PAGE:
- The Washington Times - Wednesday, March 19, 2003

Homeland Security Secretary Tom Ridge yesterday said the administration elevated the terror-alert level to high based on intelligence reports and threats from Osama bin Laden that retaliation for an attack on Iraq is certain.

"America wants us to take precautionary measures, but we need to understand it's all predicated upon what bin Laden and the terrorists have said, and what they've claimed they will do under certain sorts of circumstances, and it's our job to be prepared," Mr. Ridge told reporters during a press briefing.

The decision to go from the level Yellow (elevated) to Orange (high) was based on "credible information from within the intelligence community, but bin Laden himself has said in recent weeks that military action in Iraq would be a rallying cry, a potential call to others not just to al Qaeda, but to others," he said.

Iraqi leader Saddam Hussein and his oldest son, Uday, have both threatened retaliation against the United States if American troops attack Baghdad.

"Any aggression against Iraq will make [the Americans] regret their tragic fate and the wives and mothers of the Americans who fight us will cry tears of blood. They should not think themselves safe anywhere in Iraq or abroad," Uday Hussein said in a statement yesterday.

To protect against a terrorist attack, the Homeland Security Department has developed an initiative called Operation Liberty Shield.

As part of the operation, state governors were asked to deploy the National Guard and post law enforcement at strategic locations. Security at borders, airports, and train stations has increased, and the Coast Guard has stepped up patrols along the shores and at key petroleum and chemical facilities.

Mexico and Canada have pledged to cooperate along the borders, so members of the National Guard will not be called in for assistance there, Mr. Ridge said.

"We're going to do everything possible to minimize the inconvenience to citizens and the disruption to commerce," Mr. Ridge said.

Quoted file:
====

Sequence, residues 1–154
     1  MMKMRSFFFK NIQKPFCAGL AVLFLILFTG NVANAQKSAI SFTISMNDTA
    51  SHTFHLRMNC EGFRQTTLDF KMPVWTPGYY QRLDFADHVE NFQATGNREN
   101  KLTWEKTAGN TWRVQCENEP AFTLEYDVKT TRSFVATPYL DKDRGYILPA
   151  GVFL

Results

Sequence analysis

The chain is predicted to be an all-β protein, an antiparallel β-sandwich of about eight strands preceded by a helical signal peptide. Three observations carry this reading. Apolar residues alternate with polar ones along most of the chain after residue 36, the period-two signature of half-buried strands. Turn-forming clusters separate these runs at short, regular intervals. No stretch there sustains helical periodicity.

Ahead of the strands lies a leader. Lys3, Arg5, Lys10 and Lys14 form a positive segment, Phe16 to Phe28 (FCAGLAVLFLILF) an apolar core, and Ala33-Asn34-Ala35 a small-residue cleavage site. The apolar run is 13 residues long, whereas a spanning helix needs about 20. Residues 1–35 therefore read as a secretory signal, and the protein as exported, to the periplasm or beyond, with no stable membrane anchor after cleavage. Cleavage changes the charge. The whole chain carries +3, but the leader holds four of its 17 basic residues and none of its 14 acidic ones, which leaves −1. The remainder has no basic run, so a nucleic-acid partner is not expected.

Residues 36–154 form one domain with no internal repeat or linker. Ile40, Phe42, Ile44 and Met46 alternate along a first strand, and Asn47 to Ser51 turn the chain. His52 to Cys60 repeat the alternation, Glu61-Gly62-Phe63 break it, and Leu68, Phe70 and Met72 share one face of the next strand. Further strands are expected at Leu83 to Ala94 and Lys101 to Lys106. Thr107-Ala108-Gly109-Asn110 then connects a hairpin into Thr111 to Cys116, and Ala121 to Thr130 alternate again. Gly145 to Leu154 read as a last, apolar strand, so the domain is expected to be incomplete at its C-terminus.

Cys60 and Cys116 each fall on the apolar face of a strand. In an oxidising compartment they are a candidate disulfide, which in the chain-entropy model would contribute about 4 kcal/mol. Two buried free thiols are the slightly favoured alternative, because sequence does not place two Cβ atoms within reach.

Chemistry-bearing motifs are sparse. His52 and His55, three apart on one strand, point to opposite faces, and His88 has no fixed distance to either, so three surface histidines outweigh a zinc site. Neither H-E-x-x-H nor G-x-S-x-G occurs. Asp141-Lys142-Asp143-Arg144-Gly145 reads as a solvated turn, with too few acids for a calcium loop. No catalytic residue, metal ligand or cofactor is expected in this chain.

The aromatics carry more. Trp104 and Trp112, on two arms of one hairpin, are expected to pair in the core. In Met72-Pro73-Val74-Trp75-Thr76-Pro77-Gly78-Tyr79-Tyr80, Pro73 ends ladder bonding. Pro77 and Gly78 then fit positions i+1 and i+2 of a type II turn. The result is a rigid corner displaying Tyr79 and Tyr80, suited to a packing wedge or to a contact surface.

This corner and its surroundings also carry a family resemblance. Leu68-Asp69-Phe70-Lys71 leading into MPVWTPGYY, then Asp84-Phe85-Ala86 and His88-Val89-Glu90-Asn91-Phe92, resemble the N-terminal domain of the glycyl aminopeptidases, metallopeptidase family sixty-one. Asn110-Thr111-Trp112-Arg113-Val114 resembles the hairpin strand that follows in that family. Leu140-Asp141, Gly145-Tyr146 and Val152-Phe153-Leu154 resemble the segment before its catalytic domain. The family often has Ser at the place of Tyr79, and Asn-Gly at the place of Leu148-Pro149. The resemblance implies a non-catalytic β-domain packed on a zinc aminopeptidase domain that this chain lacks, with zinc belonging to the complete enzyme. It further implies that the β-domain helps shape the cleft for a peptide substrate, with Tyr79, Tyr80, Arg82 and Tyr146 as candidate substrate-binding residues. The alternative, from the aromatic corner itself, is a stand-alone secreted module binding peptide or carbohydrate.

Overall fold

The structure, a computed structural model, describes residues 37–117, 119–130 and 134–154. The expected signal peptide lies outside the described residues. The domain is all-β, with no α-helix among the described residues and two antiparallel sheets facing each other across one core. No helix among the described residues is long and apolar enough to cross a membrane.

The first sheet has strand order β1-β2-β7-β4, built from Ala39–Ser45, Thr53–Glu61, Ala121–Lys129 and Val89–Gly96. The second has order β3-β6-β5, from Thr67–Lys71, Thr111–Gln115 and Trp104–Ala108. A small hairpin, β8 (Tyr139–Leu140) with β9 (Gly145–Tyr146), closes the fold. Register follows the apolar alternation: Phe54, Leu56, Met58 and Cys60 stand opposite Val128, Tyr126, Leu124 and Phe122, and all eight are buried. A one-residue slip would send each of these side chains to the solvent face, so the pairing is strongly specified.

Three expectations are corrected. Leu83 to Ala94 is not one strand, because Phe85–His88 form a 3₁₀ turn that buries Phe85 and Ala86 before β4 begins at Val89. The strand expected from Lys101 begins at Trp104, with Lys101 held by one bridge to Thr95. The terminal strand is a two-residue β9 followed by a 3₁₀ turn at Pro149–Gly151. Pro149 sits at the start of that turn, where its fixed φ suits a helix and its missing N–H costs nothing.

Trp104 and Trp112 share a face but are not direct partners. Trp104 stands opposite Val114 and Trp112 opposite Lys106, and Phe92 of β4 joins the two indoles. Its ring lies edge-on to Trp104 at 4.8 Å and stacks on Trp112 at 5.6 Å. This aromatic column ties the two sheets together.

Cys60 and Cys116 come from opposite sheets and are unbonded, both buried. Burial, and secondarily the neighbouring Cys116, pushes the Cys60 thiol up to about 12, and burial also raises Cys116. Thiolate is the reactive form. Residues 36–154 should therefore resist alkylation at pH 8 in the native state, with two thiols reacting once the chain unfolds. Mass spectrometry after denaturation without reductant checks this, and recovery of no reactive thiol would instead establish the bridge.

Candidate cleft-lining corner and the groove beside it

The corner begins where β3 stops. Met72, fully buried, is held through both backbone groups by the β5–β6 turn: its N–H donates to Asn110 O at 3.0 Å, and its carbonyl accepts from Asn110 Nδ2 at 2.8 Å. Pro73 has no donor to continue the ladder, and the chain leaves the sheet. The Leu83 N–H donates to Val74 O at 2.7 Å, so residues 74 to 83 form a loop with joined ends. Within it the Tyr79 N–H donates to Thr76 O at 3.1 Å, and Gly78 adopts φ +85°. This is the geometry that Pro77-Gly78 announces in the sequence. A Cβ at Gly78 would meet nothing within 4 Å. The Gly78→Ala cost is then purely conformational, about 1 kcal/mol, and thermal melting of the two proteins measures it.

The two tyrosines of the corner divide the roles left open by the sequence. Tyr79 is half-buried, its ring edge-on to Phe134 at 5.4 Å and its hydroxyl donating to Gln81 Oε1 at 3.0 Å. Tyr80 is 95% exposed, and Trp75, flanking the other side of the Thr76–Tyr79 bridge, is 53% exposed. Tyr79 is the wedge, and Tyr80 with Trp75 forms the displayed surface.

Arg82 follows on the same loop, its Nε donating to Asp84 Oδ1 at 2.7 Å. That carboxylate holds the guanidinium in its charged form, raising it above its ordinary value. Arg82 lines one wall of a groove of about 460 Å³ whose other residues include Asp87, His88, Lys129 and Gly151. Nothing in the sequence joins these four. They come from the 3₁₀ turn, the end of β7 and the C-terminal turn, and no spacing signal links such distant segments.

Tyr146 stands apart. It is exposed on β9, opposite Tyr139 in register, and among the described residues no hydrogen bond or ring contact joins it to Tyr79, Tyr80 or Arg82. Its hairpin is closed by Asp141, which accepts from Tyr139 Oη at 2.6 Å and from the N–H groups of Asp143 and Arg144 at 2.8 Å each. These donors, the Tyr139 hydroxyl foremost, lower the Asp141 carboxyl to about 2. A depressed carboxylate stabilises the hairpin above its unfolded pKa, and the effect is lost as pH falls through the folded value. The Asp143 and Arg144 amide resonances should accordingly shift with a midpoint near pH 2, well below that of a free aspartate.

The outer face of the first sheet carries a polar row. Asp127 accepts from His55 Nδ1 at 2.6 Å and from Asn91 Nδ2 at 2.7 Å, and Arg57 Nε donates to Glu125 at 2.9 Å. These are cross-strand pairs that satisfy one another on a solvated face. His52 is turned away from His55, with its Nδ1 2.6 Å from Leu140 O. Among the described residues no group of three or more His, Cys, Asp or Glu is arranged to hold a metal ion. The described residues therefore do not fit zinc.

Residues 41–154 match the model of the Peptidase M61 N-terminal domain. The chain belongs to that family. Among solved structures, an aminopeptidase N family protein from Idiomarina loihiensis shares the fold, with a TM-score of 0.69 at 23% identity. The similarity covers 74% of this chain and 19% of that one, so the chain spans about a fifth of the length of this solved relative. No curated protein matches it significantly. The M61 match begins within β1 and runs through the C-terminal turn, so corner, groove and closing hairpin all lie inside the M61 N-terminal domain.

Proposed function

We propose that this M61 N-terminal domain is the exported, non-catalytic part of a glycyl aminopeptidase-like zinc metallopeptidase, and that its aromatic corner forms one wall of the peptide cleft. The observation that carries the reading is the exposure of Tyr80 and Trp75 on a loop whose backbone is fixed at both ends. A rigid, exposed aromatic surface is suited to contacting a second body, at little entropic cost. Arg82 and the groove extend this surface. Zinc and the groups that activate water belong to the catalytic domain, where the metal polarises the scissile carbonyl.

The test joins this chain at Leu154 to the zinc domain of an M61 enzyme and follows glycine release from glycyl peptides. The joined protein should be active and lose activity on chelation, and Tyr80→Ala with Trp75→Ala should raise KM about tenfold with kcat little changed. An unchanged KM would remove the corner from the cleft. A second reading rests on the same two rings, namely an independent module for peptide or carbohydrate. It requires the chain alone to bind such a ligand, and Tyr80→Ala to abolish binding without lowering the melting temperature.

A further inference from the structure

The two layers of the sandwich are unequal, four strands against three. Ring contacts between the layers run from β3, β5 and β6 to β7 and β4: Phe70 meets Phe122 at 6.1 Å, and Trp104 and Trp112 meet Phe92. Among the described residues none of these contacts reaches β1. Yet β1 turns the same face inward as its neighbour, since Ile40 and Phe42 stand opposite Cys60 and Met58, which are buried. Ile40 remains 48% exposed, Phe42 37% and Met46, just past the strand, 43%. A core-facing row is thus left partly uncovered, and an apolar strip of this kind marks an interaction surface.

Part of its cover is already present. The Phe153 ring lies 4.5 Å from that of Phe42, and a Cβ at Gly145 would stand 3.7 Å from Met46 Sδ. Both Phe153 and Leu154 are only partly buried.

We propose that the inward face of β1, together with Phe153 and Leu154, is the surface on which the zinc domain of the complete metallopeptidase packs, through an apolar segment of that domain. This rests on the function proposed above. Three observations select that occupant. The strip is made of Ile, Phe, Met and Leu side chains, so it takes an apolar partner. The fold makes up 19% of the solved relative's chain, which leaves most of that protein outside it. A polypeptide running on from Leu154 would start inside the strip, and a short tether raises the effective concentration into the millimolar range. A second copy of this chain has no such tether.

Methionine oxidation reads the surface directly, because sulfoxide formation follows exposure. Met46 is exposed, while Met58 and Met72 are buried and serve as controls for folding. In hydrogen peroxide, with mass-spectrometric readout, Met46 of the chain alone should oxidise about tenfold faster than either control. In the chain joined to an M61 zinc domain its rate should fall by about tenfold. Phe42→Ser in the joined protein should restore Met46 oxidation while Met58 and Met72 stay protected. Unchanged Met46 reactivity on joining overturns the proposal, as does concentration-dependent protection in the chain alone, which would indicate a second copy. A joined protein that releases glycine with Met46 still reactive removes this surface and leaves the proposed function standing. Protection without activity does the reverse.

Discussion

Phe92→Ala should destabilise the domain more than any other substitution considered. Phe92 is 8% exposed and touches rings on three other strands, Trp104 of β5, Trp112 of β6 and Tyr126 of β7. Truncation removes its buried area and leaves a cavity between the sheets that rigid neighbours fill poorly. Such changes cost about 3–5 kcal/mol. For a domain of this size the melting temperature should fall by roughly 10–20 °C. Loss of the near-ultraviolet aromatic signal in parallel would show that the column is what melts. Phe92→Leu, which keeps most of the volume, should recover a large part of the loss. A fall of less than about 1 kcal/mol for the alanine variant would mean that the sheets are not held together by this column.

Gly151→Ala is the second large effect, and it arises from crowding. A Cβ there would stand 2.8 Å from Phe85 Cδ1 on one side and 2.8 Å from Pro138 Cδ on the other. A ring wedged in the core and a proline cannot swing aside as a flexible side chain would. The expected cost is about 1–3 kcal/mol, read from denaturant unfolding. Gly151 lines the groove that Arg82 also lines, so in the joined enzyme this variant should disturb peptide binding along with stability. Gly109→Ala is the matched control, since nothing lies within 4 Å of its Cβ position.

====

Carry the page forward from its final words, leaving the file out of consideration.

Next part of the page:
Suicide bombers would be difficult to detect, but Mr. Ridge said public awareness will be the most effective means to prevent that kind of attack.

"The public's alertness, its sensitivity to its own surroundings could be of assistance," he said.

New flight restrictions are in place over Washington and New York, and security has increased at nuclear-power plants.

Officials are monitoring the Internet for signs of a potential terrorist attack cyber-terrorism or hacking and the Treasury Department has taken steps to protect financial networks and payment systems.

The Agriculture Department has notified farmers and its laboratories that diagnose diseases such as anthrax to be on high alert. Imported food also will be inspected.

"Our experts have provided security guidelines for producers, processors and food providers in order to strengthen systems at the local level," said Agriculture Secretary Ann M. Veneman.

The Department of Health and Human Services has alerted state and local health departments, hospitals and medical care providers to report any unusual disease or disease patterns.

Asylum-seekers from other countries will be detained until officials can determine the legitimacy of the request

"We just want to make sure that those who are seeking asylum are who they say they are and are legitimately seeking refuge in our country because of political repression at home, not because they choose to cause us harm or bring destruction to our shores," Mr. Ridge said.

Mr. Ridge declined to say what countries will be targeted for closer scrutiny, but said, "We know there is an al Qaeda network or other terrorist organizations, and it will be those countries we're looking at specifically." Last year, 600 people were temporarily detained, 60 percent of them from Iraq.

"Our response and recovery teams, and resources throughout our nation are mobilized, in position and ready," Mr. Ridge said.

This article is based in part on wire reports.

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